I didn’t think you could have a city on mountains so savage, but the people who built this city were the same clan of Oregon trailers who stopped on the section of trail covered in the graves and bones of dead travelers and said, "Here's good!" I guess if you live in a town of people so fond of ringing doorbells, you’ve got to go to extreme lengths to keep your privacy or you’d NEVER get to finish your dinner.
“I’m not worried about hikers. There are cats that hide in these trees. They jump down and before you know what’s happened, they've grabbed you by the head are dragging you into the bushes to eat you up.” “Oh! I love cats!” I said. “They are great fun to chase! I hope one drops on me.” “Not these cats…” Mom warned. Mom gets so scared of the silliest things.
It took a couple of miles, but eventually reality caught up with Mom when the white dirt started sucking up her legs like a couple of pieces of spaghetti. Every time she tried to climb out of the hole, sluuuurp, her leg would get sucked back in up to the shorts line. On each one she let out a roar that was a little bit like a gladiator going into battle, and a little bit like someone whose leg was being bitten off by an alligator.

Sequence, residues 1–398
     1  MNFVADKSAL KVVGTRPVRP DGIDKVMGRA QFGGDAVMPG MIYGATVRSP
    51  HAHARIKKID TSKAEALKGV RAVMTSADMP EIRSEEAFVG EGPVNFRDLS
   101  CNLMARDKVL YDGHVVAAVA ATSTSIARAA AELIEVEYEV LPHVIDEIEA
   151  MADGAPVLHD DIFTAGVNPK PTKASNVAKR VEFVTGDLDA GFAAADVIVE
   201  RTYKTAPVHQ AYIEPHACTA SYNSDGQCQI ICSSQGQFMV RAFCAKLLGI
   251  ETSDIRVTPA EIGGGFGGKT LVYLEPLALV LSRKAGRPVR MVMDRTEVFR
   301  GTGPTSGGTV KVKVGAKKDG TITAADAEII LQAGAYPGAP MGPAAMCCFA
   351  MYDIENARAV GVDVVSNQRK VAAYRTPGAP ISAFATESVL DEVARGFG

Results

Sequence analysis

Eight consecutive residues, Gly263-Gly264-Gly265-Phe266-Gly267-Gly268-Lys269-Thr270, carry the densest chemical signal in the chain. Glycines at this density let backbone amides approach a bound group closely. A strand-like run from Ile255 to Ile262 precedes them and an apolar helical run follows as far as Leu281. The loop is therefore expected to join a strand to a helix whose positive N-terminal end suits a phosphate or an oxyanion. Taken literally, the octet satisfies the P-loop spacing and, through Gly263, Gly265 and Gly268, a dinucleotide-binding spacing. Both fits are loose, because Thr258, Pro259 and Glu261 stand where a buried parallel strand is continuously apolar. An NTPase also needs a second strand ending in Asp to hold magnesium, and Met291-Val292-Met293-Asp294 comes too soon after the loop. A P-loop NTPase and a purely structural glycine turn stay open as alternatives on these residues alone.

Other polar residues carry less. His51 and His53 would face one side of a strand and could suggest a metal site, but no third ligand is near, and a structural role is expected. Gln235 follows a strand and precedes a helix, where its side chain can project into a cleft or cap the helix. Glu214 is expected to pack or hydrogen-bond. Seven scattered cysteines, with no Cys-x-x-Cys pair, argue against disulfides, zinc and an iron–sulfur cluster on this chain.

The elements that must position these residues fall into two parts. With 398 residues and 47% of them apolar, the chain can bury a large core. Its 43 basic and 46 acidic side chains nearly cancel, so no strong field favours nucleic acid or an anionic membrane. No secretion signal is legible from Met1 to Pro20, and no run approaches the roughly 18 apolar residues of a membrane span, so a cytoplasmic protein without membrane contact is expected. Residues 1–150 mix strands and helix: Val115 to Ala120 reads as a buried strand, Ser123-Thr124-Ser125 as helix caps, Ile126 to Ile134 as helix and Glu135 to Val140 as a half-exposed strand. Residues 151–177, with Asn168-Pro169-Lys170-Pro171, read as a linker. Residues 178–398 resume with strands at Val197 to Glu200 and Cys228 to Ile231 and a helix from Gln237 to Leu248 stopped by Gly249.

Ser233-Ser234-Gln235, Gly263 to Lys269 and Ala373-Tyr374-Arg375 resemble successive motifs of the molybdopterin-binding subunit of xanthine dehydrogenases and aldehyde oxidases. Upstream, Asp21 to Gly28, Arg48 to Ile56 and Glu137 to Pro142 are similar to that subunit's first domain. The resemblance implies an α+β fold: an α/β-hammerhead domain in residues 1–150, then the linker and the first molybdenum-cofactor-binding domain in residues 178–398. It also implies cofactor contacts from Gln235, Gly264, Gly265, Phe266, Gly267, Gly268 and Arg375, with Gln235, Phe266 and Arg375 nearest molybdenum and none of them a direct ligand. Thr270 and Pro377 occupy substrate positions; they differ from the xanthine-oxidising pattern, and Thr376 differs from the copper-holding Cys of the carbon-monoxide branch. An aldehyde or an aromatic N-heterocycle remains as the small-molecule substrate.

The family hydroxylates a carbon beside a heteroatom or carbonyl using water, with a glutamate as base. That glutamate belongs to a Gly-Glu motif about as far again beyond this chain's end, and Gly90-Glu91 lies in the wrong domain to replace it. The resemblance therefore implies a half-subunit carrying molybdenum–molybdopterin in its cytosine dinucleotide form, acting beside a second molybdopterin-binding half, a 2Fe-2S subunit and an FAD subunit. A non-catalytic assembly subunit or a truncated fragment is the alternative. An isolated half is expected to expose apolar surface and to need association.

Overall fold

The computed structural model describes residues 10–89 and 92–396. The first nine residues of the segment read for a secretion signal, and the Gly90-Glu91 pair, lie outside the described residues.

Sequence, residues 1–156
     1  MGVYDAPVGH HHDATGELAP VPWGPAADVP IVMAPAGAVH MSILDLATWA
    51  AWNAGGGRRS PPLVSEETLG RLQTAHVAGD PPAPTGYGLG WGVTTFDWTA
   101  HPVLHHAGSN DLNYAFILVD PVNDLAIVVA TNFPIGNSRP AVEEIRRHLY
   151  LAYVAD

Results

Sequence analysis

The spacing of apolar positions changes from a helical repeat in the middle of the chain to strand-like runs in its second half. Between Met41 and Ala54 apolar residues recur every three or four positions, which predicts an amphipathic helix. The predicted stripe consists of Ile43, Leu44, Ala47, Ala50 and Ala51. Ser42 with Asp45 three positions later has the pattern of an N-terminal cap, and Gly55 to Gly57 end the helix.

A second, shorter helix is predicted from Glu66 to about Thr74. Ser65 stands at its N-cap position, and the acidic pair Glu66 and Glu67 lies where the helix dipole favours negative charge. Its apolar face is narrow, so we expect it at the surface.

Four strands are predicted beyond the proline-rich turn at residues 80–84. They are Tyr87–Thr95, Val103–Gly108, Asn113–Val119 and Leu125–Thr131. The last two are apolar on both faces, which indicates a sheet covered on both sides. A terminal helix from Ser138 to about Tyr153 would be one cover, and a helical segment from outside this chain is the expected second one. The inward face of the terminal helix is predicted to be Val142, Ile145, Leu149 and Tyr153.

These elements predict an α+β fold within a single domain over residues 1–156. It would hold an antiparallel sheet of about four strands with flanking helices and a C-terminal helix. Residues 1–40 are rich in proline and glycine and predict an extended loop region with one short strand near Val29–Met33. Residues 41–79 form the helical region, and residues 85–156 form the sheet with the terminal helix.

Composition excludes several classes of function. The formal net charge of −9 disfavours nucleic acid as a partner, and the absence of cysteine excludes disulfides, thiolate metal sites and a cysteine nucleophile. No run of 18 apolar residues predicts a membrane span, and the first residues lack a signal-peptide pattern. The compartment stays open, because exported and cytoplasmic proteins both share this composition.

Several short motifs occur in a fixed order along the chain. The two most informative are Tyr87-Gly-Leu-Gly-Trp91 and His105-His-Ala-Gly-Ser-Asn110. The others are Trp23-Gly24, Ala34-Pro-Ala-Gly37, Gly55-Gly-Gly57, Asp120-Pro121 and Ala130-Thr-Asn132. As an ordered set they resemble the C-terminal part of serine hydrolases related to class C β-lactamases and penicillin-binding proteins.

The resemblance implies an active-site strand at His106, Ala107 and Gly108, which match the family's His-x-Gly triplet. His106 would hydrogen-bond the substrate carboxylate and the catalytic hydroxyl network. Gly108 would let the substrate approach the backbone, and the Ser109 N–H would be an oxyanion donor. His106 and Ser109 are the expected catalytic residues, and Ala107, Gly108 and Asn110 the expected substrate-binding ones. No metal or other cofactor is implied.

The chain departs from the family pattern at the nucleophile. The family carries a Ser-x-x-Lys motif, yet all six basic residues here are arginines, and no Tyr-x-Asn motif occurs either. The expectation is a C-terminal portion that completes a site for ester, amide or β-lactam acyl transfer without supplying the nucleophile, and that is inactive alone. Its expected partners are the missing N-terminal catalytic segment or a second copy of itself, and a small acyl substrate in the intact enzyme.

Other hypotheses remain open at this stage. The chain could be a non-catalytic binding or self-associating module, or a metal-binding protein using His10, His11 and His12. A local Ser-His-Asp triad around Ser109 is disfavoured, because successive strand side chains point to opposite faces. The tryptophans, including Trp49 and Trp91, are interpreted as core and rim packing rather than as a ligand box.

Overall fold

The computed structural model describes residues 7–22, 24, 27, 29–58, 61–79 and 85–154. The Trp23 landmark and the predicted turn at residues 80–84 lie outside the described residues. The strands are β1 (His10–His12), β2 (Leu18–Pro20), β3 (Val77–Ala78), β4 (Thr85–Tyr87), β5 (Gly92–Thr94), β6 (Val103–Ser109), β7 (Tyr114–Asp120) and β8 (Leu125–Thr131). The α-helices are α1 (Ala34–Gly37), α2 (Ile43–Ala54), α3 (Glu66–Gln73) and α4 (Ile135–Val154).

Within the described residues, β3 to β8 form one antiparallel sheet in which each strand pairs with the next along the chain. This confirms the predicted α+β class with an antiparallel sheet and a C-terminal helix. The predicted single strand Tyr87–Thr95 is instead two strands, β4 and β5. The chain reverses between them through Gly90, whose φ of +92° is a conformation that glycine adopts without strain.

Finally Mom had had it. The trail was under a long stretch of white dirt, and we were practically within view of the top. “This trail may be covered in snow, but there is plenty of open ground if we make our own path,” Mom said. "Let’s see how high up we can get if we go straight up.” I was proud of Mom. I always explore the mountain outside the trail on our adventures, but she’s usually less curious. The West is a land with a history of explorers who had to break their own trail.
If there’s one thing that will guarantee that Mom will commit to doing something hard is if someone nicer and more cheerful than her says that they are going to do it too. It’s okay to be outperformed by a jerk, but if Mom gives up before someone with the personality of a marshmallow, she couldn’t look herself in the eye in the morning.